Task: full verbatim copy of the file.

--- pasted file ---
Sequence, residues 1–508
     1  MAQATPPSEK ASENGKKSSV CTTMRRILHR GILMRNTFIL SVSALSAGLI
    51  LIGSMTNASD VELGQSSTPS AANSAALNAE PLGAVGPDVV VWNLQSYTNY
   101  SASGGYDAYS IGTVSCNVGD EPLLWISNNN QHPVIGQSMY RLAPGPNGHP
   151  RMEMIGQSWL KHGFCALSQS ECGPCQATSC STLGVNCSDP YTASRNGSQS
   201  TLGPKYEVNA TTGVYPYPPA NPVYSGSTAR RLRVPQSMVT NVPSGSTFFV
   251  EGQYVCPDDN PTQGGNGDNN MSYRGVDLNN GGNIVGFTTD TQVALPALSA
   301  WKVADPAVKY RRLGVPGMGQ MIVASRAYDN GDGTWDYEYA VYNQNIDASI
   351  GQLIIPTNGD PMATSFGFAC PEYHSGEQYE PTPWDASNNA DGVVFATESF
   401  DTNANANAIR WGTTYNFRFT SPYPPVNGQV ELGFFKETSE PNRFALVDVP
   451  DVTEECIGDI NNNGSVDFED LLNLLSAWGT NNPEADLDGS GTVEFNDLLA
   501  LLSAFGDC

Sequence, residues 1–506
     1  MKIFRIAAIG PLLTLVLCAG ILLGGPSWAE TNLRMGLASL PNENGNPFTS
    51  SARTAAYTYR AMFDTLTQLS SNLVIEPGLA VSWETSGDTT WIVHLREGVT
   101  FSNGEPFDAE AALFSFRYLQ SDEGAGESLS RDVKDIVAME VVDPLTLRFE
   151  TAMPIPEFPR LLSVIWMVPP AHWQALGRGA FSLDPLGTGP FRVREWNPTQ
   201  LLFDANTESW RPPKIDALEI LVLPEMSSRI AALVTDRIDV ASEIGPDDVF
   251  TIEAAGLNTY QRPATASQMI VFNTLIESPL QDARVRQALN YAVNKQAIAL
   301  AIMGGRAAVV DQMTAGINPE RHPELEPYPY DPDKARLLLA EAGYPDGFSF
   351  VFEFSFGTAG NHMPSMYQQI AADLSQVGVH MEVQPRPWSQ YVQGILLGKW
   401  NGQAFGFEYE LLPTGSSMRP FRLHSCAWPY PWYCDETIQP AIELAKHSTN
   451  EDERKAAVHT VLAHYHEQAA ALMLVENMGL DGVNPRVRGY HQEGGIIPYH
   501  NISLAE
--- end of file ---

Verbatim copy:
Sequence, residues 1–508
     1  MAQATPPSEK ASENGKKSSV CTTMRRILHR GILMRNTFIL SVSALSAGLI
    51  LIGSMTNASD VELGQSSTPS AANSAALNAE PLGAVGPDVV VWNLQSYTNY
   101  SASGGYDAYS IGTVSCNVGD EPLLWISNNN QHPVIGQSMY RLAPGPNGHP
   151  RMEMIGQSWL KHGFCALSQS ECGPCQATSC STLGVNCSDP YTASRNGSQS
   201  TLGPKYEVNA TTGVYPYPPA NPVYSGSTAR RLRVPQSMVT NVPSGSTFFV
   251  EGQYVCPDDN PTQGGNGDNN MSYRGVDLNN GGNIVGFTTD TQVALPALSA
   301  WKVADPAVKY RRLGVPGMGQ MIVASRAYDN GDGTWDYEYA VYNQNIDASI
   351  GQLIIPTNGD PMATSFGFAC PEYHSGEQYE PTPWDASNNA DGVVFATESF
   401  DTNANANAIR WGTTYNFRFT SPYPPVNGQV ELGFFKETSE PNRFALVDVP
   451  DVTEECIGDI NNNGSVDFED LLNLLSAWGT NNPEADLDGS GTVEFNDLLA
   501  LLSAFGDC

Sequence, residues 1–506
     1  MKIFRIAAIG PLLTLVLCAG ILLGGPSWAE TNLRMGLASL PNENGNPFTS
    51  SARTAAYTYR AMFDTLTQLS SNLVIEPGLA VSWETSGDTT WIVHLREGVT
   101  FSNGEPFDAE AALFSFRYLQ SDEGAGESLS RDVKDIVAME VVDPLTLRFE
   151  TAMPIPEFPR LLSVIWMVPP AHWQALGRGA FSLDPLGTGP FRVREWNPTQ
   201  LLFDANTESW RPPKIDALEI LVLPEMSSRI AALVTDRIDV ASEIGPDDVF
   251  TIEAAGLNTY QRPATASQMI VFNTLIESPL QDARVRQALN YAVNKQAIAL
   301  AIMGGRAAVV DQMTAGINPE RHPELEPYPY DPDKARLLLA EAGYPDGFSF
   351  VFEFSFGTAG NHMPSMYQQI AADLSQVGVH MEVQPRPWSQ YVQGILLGKW
   401  NGQAFGFEYE LLPTGSSMRP FRLHSCAWPY PWYCDETIQP AIELAKHSTN
   451  EDERKAAVHT VLAHYHEQAA ALMLVENMGL DGVNPRVRGY HQEGGIIPYH
   501  NISLAE